Anatomy of Breastmilk

It’s no secret that breastmilk is an amazing thing.  I’ve written about its amazingness quite a few times:

“New Mommy’s Must Haves”

“Why Breastfeeding is Best…for Everyone!”

“Milk Hoarder”

“Beginning Breastfeeding”

“Normalizing Nursing”

 “Breaking the Bottle Norm”

“Medicinal Milk’

“Milk Drunk”

And I briefly touched on the composition of breastmilk in “Too Much of a Good Thing” and while I’ve known about hindmilk and foremilk differences, it’s sometimes a hard thing to understand without SEEING it, so here it is:

The Anatomy of Breastmilk

The ring around the top is the fat (my milk is very lean, as noted in “My Children are so Dense!”  and most breastmilk will probably have a much larger proportion of fat).  The middle part is the hindmilk which is the milk baby receives the second half of the feed and is the thicker, fattier milk.  The bottom, clearer portion is the foremilk which is the thirst-quenching, waterier milk.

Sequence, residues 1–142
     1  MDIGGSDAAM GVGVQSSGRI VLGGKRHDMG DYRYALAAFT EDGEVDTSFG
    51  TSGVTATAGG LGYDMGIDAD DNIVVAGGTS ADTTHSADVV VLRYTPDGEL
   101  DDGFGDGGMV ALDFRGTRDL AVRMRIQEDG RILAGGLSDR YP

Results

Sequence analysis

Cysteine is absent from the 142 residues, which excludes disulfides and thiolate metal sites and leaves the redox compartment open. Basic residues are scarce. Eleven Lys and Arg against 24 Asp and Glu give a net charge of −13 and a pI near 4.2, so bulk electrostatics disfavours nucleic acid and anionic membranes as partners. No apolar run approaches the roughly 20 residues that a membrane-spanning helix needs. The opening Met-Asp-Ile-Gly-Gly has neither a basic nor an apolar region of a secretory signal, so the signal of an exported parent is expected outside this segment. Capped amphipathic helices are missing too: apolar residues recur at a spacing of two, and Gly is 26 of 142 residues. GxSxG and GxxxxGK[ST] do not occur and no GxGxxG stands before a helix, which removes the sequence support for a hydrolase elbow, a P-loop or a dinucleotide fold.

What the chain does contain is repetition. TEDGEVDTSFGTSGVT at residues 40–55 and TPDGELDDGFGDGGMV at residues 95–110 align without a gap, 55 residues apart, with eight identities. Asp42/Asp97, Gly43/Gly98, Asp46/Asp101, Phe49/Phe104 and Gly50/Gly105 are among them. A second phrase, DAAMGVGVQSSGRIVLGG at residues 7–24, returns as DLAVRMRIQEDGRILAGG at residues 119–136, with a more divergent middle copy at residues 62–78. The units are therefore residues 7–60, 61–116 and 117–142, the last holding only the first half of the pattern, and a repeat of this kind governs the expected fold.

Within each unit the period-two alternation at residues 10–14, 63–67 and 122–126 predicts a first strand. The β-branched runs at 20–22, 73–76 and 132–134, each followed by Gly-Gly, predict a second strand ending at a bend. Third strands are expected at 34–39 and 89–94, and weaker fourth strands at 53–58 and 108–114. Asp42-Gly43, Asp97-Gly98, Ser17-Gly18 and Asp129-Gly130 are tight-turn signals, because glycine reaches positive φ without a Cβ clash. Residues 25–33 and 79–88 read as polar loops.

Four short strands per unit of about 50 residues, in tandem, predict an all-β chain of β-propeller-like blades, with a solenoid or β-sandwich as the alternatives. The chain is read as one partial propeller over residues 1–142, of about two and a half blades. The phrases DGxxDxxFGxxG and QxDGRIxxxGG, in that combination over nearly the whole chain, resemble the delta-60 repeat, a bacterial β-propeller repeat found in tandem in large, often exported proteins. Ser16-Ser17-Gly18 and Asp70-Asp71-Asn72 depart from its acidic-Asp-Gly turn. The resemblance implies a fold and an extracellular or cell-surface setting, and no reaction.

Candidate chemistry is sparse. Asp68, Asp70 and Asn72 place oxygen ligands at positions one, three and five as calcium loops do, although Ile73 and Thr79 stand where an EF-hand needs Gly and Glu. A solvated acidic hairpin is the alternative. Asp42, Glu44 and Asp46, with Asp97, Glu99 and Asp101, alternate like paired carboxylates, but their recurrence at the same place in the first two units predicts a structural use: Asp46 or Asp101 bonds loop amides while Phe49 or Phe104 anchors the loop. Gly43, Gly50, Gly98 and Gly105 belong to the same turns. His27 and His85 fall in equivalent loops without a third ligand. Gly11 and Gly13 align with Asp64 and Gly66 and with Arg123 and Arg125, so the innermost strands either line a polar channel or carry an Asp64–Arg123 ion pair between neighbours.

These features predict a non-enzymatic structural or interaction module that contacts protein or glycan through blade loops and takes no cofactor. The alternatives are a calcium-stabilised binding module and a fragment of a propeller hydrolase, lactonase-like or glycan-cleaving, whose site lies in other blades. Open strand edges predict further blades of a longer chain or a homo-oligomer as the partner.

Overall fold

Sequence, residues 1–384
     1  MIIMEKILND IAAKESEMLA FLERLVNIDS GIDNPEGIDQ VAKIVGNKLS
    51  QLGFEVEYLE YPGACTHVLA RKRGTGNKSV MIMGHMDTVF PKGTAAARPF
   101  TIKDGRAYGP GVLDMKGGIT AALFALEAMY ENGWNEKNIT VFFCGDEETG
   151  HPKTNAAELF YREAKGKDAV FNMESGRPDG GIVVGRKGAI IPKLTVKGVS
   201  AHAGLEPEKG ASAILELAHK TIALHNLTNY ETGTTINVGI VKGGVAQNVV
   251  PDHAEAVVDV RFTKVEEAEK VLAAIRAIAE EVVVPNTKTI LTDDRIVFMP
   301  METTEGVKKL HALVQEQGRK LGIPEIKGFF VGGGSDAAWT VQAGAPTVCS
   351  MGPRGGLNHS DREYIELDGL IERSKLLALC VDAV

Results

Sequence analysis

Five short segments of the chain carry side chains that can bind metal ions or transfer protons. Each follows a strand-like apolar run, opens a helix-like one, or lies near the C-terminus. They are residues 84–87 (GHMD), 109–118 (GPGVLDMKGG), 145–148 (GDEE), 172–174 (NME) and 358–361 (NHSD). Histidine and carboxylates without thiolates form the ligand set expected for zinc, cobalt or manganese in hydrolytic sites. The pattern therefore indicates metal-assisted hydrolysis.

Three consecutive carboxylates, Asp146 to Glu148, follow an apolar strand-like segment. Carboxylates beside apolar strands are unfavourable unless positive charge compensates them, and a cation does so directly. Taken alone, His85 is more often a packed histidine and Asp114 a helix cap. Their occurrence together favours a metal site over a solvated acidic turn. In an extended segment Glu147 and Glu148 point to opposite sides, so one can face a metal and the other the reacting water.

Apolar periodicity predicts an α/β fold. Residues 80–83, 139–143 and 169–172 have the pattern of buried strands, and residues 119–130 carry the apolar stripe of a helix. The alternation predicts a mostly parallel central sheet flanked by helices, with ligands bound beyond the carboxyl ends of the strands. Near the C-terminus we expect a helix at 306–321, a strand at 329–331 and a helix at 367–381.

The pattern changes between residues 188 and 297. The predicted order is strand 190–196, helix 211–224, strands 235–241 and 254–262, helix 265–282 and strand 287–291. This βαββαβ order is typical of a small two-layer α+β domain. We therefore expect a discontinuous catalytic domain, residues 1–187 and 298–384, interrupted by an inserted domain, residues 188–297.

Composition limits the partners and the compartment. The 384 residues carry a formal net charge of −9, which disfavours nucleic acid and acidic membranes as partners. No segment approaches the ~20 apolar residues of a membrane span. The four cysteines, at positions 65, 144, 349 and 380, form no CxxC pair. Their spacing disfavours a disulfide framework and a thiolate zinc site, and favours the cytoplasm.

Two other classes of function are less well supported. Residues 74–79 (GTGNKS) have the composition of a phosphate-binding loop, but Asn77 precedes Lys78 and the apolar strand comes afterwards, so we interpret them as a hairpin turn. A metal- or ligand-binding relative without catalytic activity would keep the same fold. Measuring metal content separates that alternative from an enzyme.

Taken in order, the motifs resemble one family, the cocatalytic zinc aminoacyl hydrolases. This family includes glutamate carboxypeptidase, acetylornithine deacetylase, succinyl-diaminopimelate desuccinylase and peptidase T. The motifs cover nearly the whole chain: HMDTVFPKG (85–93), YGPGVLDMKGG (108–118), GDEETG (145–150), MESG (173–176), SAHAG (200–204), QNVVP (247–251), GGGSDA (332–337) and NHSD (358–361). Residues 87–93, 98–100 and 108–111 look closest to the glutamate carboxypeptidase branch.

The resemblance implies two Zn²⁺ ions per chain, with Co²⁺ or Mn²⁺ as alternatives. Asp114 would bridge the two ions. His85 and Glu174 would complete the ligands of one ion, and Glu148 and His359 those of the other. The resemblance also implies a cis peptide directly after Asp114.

It’s important to know, though, that there is not REALLY two different types of milk. (a great breastfeeding resource) uses the great analogy of turning on a faucet: When you want hot water from the tap, it usually starts cold and gradually gets warmer until it is hot.  Breastmilk is the same, the milk at the beginning is waterier and it gets denser and fattier as the feed goes on.

Hindmilk is not better than foremilk, or vice versa, baby needs both to grow and be healthy and this can be achieved by emptying each breast fully before changing.  This can be achieved by letting baby nurse on one side and switching when they come off or in the instance of an oversupply (which is discussed in “Too Much of a Good Thing”), doing multiple feeds on each breast to ensure baby is emptying each breast and getting the fat and calories they need.

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